To write the surgery scenes depicted in the book, "Olivia really did her homework," says New York City plastic surgeon Michael Evan Sachs. He never operated on her, he says, but "she called me after seeing me on Oprah and said, 'I'd like to follow you around for three months." She didn't flinch at watching operations, and she applied the lessons not only to Flavor but also to later books, wringing humor out of a sometimes gruesome subject. Describing a face peel to her car-dealer husband, the wife in Switcheroo explains it's "sort of like refinishing an antique car—first you coat it with some chemical that pops off its top layer of paint, then you sand it down gently and hope it looks better."
A theme that recurs in Goldsmith's books is rage at beauty standards that make aging women invisible and replaceable by trophy wives. ("I make my living writing cheery little comedies about women who get shafted by men," Goldsmith once wrote.) And though First Wives Club gave roles to middle-aged women—Hawn, Bette Midler, and Diane Keaton—Hollywood has barely changed since Hawn spoke the infamous line in the film: "The only three ages for women in Hollywood are babes, district attorneys, and Driving Miss Daisy." Judith Ehrlich, a literary agent (but not Goldsmith's), remembers the author getting upset years ago because a producer who had optioned one of her books wanted to make the lead character ten years younger. Jennifer Perini—a Hollywood executive whom Goldsmith described as "the only young, tall, thin blonde I truly like"—observes that Goldsmith often made "cracks about younger women. It was a powerful theme."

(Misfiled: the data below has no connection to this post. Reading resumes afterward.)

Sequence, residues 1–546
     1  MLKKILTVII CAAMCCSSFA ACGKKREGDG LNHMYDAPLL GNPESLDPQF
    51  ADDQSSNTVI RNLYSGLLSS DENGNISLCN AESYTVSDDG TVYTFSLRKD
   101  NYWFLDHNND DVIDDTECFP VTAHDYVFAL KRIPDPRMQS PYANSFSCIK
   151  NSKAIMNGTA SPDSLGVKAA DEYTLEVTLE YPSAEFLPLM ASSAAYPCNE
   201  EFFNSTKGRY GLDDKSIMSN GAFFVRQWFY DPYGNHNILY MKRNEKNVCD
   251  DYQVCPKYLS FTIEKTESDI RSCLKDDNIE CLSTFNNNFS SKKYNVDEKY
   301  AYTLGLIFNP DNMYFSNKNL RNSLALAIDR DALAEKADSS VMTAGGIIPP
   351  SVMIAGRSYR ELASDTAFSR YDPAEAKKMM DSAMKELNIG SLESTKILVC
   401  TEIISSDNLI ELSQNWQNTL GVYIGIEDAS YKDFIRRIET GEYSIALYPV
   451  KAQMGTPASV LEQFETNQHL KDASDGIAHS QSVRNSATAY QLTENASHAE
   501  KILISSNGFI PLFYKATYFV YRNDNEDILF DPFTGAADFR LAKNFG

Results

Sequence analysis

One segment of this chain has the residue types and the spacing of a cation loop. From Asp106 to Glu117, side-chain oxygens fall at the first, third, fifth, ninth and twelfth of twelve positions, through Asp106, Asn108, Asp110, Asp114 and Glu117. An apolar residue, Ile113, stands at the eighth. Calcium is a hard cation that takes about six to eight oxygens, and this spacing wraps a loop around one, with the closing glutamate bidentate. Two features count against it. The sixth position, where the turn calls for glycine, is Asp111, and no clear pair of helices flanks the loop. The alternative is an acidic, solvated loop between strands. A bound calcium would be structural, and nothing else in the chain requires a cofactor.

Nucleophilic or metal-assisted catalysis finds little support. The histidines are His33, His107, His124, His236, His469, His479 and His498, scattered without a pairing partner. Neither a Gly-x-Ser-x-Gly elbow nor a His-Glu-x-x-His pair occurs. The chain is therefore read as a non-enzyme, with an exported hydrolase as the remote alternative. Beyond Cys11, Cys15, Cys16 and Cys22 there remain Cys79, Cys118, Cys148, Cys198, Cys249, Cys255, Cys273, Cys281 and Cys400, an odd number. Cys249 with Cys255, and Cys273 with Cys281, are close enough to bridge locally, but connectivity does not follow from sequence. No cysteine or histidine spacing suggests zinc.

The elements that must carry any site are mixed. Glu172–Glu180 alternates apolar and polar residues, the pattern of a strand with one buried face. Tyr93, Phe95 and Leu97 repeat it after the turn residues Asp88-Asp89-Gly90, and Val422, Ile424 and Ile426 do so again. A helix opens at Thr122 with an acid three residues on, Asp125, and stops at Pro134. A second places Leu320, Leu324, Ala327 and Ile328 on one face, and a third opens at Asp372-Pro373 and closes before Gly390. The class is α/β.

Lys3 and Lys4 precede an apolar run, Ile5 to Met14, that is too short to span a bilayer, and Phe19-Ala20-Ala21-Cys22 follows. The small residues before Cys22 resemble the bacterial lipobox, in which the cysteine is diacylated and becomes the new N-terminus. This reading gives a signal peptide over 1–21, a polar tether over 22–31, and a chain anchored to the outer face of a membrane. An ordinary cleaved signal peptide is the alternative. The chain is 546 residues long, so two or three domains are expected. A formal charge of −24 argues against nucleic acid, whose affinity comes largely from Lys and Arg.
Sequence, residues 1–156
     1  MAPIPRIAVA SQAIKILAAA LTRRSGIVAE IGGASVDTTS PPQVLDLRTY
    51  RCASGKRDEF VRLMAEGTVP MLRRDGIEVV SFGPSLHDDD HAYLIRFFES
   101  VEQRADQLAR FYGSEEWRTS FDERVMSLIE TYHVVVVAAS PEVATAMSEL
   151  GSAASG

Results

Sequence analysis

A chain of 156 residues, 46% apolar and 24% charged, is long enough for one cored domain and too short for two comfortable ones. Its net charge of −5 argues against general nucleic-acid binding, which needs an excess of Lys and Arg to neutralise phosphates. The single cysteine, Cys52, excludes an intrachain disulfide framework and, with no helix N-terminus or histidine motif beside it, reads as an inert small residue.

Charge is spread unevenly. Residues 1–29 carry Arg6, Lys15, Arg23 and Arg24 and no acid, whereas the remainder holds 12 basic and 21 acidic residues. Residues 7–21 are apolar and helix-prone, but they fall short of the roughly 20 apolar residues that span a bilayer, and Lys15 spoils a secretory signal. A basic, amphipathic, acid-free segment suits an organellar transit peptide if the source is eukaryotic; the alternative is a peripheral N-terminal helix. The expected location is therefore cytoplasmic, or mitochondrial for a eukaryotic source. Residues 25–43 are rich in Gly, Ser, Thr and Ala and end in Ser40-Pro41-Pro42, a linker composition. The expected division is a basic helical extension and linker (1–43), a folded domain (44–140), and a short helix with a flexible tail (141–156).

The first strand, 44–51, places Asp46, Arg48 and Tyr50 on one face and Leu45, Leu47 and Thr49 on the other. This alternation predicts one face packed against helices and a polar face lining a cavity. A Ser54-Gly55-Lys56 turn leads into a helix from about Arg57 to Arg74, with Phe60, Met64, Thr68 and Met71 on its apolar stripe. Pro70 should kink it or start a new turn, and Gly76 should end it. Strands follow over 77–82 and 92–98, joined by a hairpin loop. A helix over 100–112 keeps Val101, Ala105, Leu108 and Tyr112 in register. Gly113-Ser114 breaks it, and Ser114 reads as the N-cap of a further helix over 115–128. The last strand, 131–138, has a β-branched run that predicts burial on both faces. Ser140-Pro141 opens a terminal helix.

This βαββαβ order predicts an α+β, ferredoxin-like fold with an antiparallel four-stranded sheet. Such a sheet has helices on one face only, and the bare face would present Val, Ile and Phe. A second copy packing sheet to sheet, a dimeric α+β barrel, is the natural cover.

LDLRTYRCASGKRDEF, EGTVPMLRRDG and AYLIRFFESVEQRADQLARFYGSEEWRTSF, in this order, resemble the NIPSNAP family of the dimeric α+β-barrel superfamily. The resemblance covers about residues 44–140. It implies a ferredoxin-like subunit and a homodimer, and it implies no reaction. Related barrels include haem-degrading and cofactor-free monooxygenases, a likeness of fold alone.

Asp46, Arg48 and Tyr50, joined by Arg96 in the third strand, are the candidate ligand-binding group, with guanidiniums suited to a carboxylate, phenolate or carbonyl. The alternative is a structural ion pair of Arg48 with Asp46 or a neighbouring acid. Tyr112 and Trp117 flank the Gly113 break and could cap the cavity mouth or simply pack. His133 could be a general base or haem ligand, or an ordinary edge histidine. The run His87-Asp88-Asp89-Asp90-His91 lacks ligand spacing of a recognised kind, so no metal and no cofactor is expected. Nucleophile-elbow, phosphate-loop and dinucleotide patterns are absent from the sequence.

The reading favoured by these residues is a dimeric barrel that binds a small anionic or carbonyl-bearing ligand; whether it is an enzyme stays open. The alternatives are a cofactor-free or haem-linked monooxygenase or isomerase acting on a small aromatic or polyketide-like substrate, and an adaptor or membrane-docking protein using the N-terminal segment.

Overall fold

As much as Goldsmith railed against the beauty system, "I think she became intoxicated with the Hollywood thing," Estrada says. "She met all these people who had plastic surgery, She thought it should be done, and she was not scared about it." Estrada remembers Goldsmith calling her in 1995, saying excitedly, "You have to see my new chin!" But not long after the chin-tightening operation, "she started to be unhappy again," Estrada says, Five years later, Goldsmith made fun of her age by declaring on the jacket of her latest book, Young Wives: "Olivia Goldsmith... is no longer young or a wife."